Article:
Telos ID biometric background check service renewed by Denver airport, aviation industry shifts towards mobile contactless processing
Denver International Airport (DEN) has renewed its contract with Telos ID for aviation worker biometric background checks, according to Transportation Security Administration (TSA)-approved Designated Aviation Channeling (DAC) methods.
Telos ID says its DAC services improve data integrity and increase credentialing efficiency for reduced costs. Background checks for individuals working in secure areas of commercial airports in the U.S. are carried out with biographic and biometric information, and include subscriptions to the FBI Rap Back program. The company has provided DAC services to DEN since 2013, integrated with its identity management system. DEN is the fifth busiest airport in America.
“The DAC services deployment at Denver International Airport is notable for its size and scope, specifically the integration with DEN’s IdMS, enabling efficient biographic, biometric, and Rap Back transmissions,” said Dawn E. Lucini, vice president of aviation security, Telos ID. “We have streamlined the TSA-required aviation worker background check process, while upholding the high security and customer service standards at DEN.”
DAC services from Telos ID are encrypted and web-based, and meet TSA and DHS requirements for handling personally identifiable information (PII) and biometrics. The solution has a modular design to support different airport and carrier needs, and the unified platform can be used to perform multiple functions, according to the announcement.
“Telos ID is the recognized leader in assuring the identities of aviation workers with advanced biometric and enrollment solutions, evidenced by the growing roster of airports and airlines – 90 and counting – that currently use DAC services,” said Lucini. “We are pleased to continue our support of the City and County of Denver and its world-class airport in their efforts to provide excellence in credentialing and vetting services, all while reducing costs and providing superior customer care and flexibility.”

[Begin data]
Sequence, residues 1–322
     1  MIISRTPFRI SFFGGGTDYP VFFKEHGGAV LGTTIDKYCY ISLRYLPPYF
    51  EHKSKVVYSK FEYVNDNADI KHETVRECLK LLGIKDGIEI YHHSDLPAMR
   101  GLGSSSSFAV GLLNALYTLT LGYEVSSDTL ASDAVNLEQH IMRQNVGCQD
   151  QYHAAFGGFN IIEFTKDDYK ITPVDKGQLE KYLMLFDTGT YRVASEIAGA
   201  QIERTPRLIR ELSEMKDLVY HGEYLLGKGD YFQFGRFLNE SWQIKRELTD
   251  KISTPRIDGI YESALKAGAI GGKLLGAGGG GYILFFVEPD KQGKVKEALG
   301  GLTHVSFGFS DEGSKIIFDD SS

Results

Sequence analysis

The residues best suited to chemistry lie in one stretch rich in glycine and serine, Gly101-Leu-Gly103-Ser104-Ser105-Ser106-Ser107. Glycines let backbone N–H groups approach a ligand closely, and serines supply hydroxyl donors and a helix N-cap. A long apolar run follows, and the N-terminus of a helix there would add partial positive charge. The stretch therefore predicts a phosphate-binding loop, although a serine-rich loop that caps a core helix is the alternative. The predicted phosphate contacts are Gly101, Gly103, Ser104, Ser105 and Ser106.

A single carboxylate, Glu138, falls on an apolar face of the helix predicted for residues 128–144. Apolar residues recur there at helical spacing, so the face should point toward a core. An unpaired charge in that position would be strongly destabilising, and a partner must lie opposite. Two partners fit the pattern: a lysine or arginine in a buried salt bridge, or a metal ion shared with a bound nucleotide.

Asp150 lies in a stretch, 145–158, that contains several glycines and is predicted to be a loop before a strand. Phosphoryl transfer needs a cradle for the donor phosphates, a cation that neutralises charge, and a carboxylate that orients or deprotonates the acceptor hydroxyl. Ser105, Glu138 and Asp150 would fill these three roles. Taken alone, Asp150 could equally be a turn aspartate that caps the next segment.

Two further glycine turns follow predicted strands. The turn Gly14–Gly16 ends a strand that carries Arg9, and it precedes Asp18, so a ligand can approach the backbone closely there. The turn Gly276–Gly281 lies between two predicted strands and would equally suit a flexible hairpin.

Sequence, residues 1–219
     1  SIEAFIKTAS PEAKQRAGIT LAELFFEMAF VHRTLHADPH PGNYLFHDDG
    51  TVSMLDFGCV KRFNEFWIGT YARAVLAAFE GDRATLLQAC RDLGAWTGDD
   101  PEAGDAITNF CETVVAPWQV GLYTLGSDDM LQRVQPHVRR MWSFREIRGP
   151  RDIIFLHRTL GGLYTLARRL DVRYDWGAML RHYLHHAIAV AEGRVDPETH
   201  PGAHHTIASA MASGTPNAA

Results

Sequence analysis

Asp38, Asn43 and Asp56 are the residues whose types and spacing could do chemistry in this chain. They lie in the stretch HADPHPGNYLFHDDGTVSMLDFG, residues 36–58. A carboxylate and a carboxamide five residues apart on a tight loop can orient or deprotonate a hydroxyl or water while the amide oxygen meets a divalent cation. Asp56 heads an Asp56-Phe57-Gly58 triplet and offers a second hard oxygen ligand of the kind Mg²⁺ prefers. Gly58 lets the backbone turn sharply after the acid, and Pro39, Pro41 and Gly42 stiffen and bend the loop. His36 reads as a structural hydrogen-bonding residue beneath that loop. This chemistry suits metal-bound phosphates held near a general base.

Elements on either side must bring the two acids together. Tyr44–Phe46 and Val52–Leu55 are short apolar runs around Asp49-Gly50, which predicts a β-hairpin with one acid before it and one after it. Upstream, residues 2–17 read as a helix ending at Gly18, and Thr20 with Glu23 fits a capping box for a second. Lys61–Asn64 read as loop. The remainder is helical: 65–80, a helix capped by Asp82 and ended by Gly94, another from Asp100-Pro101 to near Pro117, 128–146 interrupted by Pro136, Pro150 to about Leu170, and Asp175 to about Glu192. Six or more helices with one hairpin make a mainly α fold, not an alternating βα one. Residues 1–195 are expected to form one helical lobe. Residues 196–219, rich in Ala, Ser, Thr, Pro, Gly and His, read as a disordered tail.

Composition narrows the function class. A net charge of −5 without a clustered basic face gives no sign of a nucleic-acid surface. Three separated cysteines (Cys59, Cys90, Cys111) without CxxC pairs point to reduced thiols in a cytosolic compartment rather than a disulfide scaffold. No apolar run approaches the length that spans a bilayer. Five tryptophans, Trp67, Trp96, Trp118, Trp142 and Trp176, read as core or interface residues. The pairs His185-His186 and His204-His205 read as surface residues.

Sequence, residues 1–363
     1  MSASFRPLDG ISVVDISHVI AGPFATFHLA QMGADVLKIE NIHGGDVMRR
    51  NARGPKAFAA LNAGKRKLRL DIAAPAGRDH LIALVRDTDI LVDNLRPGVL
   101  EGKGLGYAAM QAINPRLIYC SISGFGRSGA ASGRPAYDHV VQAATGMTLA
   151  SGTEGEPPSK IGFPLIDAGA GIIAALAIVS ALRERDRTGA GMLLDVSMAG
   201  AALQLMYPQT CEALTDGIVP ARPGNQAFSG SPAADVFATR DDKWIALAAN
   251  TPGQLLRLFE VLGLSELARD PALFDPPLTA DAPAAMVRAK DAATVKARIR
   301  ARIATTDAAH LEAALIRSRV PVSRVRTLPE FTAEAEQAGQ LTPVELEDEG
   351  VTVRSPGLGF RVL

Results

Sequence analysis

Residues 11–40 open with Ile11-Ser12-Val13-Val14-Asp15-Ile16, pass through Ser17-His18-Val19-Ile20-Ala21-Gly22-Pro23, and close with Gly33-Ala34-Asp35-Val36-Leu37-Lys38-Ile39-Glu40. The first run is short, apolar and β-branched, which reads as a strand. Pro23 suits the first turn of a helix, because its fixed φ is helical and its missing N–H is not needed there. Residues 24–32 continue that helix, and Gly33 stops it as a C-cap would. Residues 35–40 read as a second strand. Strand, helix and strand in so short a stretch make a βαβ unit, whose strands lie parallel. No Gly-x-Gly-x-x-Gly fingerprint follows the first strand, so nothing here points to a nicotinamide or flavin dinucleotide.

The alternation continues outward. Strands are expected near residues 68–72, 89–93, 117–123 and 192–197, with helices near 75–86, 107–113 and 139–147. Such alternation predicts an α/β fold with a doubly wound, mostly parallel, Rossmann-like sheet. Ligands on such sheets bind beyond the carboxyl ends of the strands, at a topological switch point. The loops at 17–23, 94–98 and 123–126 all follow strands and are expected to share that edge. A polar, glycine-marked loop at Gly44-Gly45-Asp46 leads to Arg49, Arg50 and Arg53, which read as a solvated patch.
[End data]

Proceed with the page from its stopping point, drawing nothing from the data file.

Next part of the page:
SITA developing app suite
Facial recognition with cloud-based mobile services is a critical technology for the aviation industry to address passenger concerns over health safety by eliminating contact with shared surfaces, SITA VP of Portfolio Management Andrew O’Connor argues in a blog post.
Fortunately, more than 460 airports are already cloud and mobile-enabled, positioning them well to deal with the new operating environment aviation stakeholders find themselves in, the post argues. In addition to being an important and quickly available win for the industry, O’Connor says putting control in the hands of travelers through their smartphones is a long-term solution.
Airport stakeholders can use APIs to build mobile apps, and SITA is developing a range of pre-packaged apps to manage processes including bag drop, bag tagging, and excess baggage weighing, with a linked contactless payment service. Mobile boarding passes are already offered by most airlines, the post points out, but virtual baggage tags are yet to reach travelers.
Frequent flyers plan return to skies – with biometrics
A solid majority of American frequent flyers (60 percent) are planning to fly within the next six months, according to a survey conducted by Xenophon Analytics.
Among them, 63 percent are planning personal travel, 10 percent plan to travel for business, and 27 percent expect to travel for both reasons. Two-thirds of those intending to travel for pleasure are planning vacations or holidays, while one-third hope to attend events like graduations, weddings or anniversaries.
Passengers also have high expectations for safety measures. This includes the use of touchless technologies like facial recognition, but also social distancing, face masks for crews and passengers alike, availability of hand sanitizer and aircraft disinfection all cited by virtually all respondents as necessary to instilling confidence in the travel process.
Contactless technology is seen by 86 percent as important to preventing the spread of contagions, and most respondents hope to see it used for check-in, baggage drop, security screening and flight boarding. Further, 68 percent said they expect the pandemic is decreasing privacy concerns related to biometrics.
Norwegian and Singaporean airports go touchless
The iris and facial recognition systems Changi Airport in Singapore began to trial late last year will be broadly deployed to replace fingerprint biometrics for touchless immigration clearance, the Straits Times reports.
Touchless self check-in and baggage drop will also be offered to minimize traveler contact with staff and surfaces. The deployment includes 160 “proximity touch screens,” which use infrared sensors to track finger movements for touchless interaction.
Face and iris biometrics became the primary means of passenger identification around April, and is in place at Changi’s Terminals 1 and 3. Fingerprints will still be used for passengers who are not enrolled with the country’s Immigration and Checkpoints Authority (ICA), or if iris and facial recognition attempts fail. Fingerprint scanners in the airport have been coated with disinfectant material as an added precaution.